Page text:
Halo 4 (Xbox 360) review
"There was a time when every shooter on the market wanted to be Halo. Now they all want to be Call of Duty, and Halo is off in another room doing its own thing, and it's all the better for it."
Let me get this out of the way.
Unlockable loadouts. Whoa. Stop right there, 343 Industries.
See, one of the reasons that the Halo brand has continued to hold my interest over this generation is its obstinate refusal to bend to the genre's altered standards. I have nothing against cover systems and ironsights aiming per se, but I'm worn out on them, and it's relieving to play a shooter free of such restrictions. Halo's multiplayer is colorful, large-scale, strategic, and just the slightest bit off the wall. There was a time when every shooter on the market wanted to be Halo. Now they all want to be Call of Duty, and Halo is off in another room doing its own thing, and it's all the better for it.
Halo 4's multiplayer – all 8GB of it – generally preserves that rather well. It's shorter on game variants than Reach, and it replaces the popular Firefight mode with a significantly-less-inspired cooperative campaign sort of thing, but it also makes just enough improvements in the right areas (namely, better map design and the welcome removal of reticle bloom) for me to call it the superior experience. But. Unlockable loadouts. Egh. Bungie always cited a desire for a level playing field as their reason for limiting player progression to cosmetic upgrades, but now, dumping more time into Halo 4 grants you better weapons and abilities at the beginning of any match. It's not a game-changer by any means, since Halo's inventory is fairly limited anyway, but it's worth noting as one of 343 Industries' few missteps in what is otherwise an impressively faithful continuation of this franchise.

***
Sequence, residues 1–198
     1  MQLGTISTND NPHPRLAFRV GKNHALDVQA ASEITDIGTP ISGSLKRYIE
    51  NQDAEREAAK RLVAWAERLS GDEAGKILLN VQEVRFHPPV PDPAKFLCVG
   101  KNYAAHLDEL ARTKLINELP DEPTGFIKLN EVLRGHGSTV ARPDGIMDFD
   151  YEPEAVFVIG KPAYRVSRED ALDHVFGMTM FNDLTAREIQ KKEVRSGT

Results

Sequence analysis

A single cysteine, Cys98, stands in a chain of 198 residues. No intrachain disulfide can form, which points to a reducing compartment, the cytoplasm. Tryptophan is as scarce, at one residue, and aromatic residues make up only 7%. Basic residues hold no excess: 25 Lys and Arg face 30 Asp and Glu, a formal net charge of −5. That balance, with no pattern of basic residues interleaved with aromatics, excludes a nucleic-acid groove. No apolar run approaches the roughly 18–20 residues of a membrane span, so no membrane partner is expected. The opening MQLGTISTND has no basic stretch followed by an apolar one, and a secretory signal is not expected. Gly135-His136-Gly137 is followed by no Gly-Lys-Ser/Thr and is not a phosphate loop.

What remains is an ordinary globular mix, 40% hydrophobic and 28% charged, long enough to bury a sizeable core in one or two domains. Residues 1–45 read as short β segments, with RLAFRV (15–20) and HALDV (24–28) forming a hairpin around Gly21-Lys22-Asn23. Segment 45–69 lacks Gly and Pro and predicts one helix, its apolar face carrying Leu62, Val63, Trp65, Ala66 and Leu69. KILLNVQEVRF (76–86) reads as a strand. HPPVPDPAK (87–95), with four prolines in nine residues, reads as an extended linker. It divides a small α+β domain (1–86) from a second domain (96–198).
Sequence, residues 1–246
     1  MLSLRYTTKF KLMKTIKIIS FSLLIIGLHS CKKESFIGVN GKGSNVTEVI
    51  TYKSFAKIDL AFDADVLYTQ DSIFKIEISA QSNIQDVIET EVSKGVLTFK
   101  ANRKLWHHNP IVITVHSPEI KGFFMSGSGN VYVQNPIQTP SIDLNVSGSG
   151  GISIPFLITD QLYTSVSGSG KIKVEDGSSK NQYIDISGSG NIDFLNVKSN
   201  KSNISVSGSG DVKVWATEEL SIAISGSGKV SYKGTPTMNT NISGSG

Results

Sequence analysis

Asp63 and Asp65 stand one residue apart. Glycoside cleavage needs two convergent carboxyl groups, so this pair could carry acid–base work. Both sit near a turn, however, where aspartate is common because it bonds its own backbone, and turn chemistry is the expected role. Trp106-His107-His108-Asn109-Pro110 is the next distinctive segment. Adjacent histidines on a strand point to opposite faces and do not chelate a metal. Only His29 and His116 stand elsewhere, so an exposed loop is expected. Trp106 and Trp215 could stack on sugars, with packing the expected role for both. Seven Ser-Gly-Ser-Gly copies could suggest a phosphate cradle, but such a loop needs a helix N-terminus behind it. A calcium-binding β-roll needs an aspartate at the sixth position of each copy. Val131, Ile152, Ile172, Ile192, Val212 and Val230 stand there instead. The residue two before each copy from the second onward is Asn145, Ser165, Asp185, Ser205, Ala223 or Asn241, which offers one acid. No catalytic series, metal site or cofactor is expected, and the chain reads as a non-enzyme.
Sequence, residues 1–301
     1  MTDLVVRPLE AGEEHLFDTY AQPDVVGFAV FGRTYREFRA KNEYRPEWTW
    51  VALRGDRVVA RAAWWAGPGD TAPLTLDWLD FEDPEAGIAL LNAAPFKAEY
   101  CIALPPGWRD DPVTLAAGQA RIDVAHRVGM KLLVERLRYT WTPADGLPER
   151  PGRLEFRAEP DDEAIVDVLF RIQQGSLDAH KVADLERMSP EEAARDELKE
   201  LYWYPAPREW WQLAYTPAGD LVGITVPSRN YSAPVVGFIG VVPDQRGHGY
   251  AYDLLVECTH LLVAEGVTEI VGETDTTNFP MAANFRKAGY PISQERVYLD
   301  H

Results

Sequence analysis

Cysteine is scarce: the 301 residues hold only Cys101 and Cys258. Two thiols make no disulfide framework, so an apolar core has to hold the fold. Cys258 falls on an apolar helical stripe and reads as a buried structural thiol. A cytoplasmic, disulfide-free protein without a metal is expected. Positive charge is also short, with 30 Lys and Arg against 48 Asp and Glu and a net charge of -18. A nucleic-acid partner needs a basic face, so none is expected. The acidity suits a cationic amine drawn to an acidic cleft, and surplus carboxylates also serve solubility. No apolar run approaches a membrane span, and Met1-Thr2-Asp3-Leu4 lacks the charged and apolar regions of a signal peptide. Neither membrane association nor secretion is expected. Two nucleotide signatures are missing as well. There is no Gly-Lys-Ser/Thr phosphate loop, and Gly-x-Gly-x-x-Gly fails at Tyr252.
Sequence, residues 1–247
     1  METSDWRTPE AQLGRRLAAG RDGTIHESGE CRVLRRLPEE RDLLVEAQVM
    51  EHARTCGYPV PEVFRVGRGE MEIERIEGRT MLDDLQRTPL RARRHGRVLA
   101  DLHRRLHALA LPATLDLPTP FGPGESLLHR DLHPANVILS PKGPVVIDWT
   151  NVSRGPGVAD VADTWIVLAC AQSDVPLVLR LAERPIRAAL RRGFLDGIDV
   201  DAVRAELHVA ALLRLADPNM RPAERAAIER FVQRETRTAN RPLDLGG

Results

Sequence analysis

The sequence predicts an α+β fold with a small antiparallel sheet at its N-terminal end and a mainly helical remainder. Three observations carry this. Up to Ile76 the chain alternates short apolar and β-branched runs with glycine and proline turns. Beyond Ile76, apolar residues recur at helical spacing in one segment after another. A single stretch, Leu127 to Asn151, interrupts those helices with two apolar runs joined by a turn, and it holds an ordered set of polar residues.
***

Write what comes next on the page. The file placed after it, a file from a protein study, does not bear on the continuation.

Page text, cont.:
This is a touchy subject for a lot of us, because Bungie is no longer involved with Halo, and this latest installment is new developer 343 Industries' chance to demonstrate that they have firm control of the franchise. I was not a fan of their Halo: Combat Evolved remake, which I felt played it safe to a fault. It seemed lazy, the product of a team more committed to earning money than pleasing fans. Thankfully, a Bungie-esque welcome message when you first boot up Halo 4 earnestly spells out their dedication to the community, as does a thank-you at the end of the campaign. And while some of the worst things have been done with good intentions, I'm pleased to say that 343 Industries' passion for the franchise has paid off, because Halo 4 is pretty great.
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